By Ron Alexander
Q: I find the labels and regulations around phosphorus confusing. What can I expect from the phosphorus in Bloom?
A: The short answer is you’re not alone in finding this confusing, and it’s complicated.
Phosphorus is one of the 16 essential plant nutrients and one of the three major plant nutrients (along with nitrogen and potassium). Phosphorus is important in encouraging root growth during establishment of turfgrass and many other plants, improving flower and seed development, and hastening maturity in food crops.
Phosphorous or phosphate fertilizers are sold in the marketplace by their amount of “pentavalent phosphorous” in the material, which is calculated as phosphorous pentoxide or P 2 O 5 . On a fertilizer label, P 2 O 5 is listed as Available Phosphate. However, some of this “available phosphate” is not readily taken up by plants, but is bound to the soil, awaiting release through microbial activity as orthophosphate. Orthophosphoric acid (orthophosphate) is actually the form in which phosphate is taken up by plants, and inorganic forms of phosphate (chemical fertilizer products) are essentially derived from orthophosphate. This form of phosphate is more highly mobile, containing a large percentage in a water extractible form. Today, the amount of water extractible phosphorous in a product can actually be measured, helping to determine the portion of phosphorous that is water soluble. Again, these water soluble (extractable) forms of phosphorus are more available to the plant, but it also pose a greater risk to water quality through unwanted migration.
Inorganic forms of phosphorus can become unavailable when they react with specific elements, such as iron, aluminum, manganese (in acid soils), and calcium (in alkaline soils). This makes the phosphorous less available for plant uptake, but also makes it less likely to leach through the soil profile. Bloom contains significant amounts of iron, aluminum and calcium and it possesses very little orthophosphate, so its supply of phosphorus is made available over time with the help of soil microbes. Microbes release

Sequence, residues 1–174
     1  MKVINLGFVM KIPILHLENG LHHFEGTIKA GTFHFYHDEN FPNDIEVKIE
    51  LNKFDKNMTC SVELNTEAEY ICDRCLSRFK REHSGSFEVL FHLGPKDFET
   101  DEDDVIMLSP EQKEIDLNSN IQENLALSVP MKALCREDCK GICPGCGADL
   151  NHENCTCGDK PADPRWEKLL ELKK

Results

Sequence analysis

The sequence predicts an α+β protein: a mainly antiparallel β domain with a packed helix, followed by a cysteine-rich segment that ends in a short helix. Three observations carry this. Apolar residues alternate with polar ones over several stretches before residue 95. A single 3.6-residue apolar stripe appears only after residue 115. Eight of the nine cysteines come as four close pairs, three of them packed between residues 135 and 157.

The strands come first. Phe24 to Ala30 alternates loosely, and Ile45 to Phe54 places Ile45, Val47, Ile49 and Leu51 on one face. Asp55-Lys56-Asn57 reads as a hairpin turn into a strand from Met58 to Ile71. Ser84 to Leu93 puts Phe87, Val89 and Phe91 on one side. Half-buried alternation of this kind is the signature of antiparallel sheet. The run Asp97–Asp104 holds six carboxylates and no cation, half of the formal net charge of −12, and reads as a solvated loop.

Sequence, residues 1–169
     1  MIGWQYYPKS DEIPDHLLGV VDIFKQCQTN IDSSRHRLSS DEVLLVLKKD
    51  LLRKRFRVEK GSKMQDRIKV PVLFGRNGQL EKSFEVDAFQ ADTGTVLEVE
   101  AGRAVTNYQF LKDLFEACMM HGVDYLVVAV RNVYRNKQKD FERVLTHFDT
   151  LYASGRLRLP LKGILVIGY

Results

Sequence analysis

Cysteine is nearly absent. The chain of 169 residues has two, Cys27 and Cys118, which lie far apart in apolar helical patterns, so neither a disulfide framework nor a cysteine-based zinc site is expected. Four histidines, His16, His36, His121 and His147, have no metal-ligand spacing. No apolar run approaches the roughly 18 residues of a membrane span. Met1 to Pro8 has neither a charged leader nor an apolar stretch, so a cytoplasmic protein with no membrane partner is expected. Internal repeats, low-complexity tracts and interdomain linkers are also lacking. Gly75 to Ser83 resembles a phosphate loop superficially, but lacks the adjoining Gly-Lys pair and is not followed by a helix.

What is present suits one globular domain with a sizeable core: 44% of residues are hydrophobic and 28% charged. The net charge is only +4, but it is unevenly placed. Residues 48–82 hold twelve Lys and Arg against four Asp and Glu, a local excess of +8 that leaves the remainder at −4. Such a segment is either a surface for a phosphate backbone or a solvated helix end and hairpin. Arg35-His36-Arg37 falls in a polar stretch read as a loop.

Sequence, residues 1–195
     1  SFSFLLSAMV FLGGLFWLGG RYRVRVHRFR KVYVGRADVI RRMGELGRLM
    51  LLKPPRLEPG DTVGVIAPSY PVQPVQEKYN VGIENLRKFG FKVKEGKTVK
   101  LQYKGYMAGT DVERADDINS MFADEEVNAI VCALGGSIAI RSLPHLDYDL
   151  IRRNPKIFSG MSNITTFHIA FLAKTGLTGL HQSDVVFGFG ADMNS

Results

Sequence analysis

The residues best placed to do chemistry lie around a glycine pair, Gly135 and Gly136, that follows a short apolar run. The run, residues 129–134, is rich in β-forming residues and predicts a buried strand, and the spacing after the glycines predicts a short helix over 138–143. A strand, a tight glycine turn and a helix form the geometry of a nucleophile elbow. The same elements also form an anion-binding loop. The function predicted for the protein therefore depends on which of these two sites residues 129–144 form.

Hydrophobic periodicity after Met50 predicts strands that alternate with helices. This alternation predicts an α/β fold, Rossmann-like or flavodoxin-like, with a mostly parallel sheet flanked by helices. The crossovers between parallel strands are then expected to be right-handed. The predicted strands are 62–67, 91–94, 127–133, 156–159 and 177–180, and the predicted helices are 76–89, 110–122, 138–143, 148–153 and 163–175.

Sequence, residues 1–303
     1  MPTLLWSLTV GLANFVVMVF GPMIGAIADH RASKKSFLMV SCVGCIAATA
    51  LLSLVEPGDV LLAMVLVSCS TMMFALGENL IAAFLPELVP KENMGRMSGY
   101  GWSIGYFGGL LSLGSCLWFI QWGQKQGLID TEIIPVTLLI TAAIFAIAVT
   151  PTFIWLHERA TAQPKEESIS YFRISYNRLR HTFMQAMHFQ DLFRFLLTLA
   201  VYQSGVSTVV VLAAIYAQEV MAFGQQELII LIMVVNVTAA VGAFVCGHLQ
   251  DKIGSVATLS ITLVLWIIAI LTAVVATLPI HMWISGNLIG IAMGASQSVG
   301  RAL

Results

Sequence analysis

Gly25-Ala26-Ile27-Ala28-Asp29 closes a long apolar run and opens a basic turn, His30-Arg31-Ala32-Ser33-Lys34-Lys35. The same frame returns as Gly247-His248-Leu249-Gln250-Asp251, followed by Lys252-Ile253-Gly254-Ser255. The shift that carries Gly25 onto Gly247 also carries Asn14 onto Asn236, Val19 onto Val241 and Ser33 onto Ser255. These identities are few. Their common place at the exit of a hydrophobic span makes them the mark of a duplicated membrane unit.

the phosphorous as they degrade the organic matter in Bloom.
In fact, testing through the Pennsylvania State University illustrates that only 1% of the phosphorus in Bloom is readily water extractable. So the phosphorous in Bloom is less likely to leach (dissolved in water), especially in heavier silt and clay soils. It will also only be available to plants on a more slowly releasing basis (likely over three to five years), depending on the soil type and its chemical properties. With that known, hopefully state nutrient planners will consider the water extractability of phosphorus when developing nutrient management plans. Further, this means that nutrient drift from Bloom should be avoidable simply by controlling erosion (soil movement to surface waters). Of course, greater risk of nutrient leaching exists in sandy soils, so smart soil management practices should be used.
However, the other side of the coin is that Bloom cannot always be counted on as the primary source of phosphorus for a crop. The application of additional amounts of phosphate fertilizers may or may not be required on a year-to-year basis where Bloom has been applied. Of course, Bloom may supply enough phosphorous, depending on the amount released from it (and other soil-bound sources of phosphorus) by microbial activity. Therefore, crop or plant growth should be monitored, or a Mehlich 3 soil test be completed, in order to determine if additional phosphorous should be applied where Bloom has been applied.
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